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Transcript
ADDRESS BY THE PRIME MINISTER, THE HON. E.G. r4HITLAM,
COMMITTEE FOR. ECONOMIC DEVELOPMENT OF AUSTRALIA
MENZIES HOTEL, SYDNEY
FRIDAY, 7 MARCH, 1975
This is the second successive Friday Luncheon
I've spoken to representatives of the Sydney business
community. If there are any here who were also at the
Sydney Chamber of Commerce Luncheon I hope they will bear
with any repetitiousness on my pa.rt because I do think
that my theme itself bears some repetition.
I emphasised there my Government's long-term
commitment to the prosperity of tJ-le private sector.
I was at some pains to refute the-assertion that there is
that it represents
anything phoney about this commitment
some sort of panic response to present difficulties. I
concede that there have been failures of communication in
the past and I concede that some prejudices and
pre-conceptions on both sides have raised needless
difficulties. I do detect, however, in the business
community generally a new willingness to co-operate, born
of a mutual recognition that we share so many of the
difficulties for so many of the same reasons. I think
on both sides there is a willingness to end futile
recriminations
which of course, is not to say that we
should not have plenty of constructive criticism. If
I am right in this assessment that there is a healthier
spirit emerging then I assure business that the Government
is ready to go more than half way to foster it.
Last Friday I drew attention to the way in which
economic circumstances here and throughout the world
were now subject to rapid change never experienced in
our life-times. The business cycle which used to take
five to seven years for its completion now appears to
take about two years. This imposes unprecedented
pressures on both Government and business and requires
for business
very great flexibility in policy planning
and Government alike. In this situation one has to be
extremely careful in making predictions based on the
latest set of economic indicators. We have seen too
many false dawns. Nonetheless, there are grounds for
some cautious optimism. When I announced the new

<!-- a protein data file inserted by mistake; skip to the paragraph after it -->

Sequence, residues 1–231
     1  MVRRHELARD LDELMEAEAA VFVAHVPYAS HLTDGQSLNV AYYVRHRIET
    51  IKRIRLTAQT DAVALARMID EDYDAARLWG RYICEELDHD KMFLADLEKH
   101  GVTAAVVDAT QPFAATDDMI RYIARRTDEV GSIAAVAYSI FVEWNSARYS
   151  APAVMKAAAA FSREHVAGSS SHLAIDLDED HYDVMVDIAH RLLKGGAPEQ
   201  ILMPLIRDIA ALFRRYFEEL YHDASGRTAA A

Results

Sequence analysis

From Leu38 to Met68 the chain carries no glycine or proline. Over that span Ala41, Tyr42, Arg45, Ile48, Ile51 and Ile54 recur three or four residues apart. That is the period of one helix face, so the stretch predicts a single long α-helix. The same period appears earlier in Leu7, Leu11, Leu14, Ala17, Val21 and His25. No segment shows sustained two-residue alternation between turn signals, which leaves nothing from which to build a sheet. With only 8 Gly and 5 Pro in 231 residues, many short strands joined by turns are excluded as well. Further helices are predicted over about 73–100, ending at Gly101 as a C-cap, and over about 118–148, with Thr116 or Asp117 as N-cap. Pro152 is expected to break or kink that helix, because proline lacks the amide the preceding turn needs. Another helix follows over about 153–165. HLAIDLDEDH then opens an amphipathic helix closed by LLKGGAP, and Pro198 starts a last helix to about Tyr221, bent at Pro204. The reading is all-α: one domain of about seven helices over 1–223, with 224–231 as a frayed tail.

economic measures of 12 November 1974 and in subsequent
statements to the nation, I emphasised the figures,
particularly on unemployment and inflation, would not
be good for many months to come. This remains true.
M.P.
-2-
The situation at present, however, is that some of the
more serious aspects of decline in activity are now
behind us. Liquidity is freely available and the
demand for funds, particularly for housing, is high.
Imports are declining and the balance of payments
situation
particularly on current account
is
strengthening. We are seeking the first real signs that
unemployment and inflation may have peaked. With the
large personal tax cuts, including the housing interest
deductability scheme now being reflected in pay packets,
disposable incomes are rising strongly. By past
standards the Government has given a massive expansionary
boost to the economy in the measures taken since the
budget. These are, of course, not normal times and we
cannot be absolutely assured of normal reactions. The
response of the private sector is the key ingredient in
economic revival in 1975. You can be assured that the
Government will do all in its power.to stimulate that
revival, consistent with our overall goals of social
advance and economic management.
At the recent conference of the Australian Labor
Party we inserted in the platform a specific recognition
of the role of the private sector and a specific
commitment to the development of a healthy mixed economy.
I think it should be recognised, however, that the present
Australian Government itself has from its inception
tried to establish machinery and set in train measures
to give practical expression to the formal commitment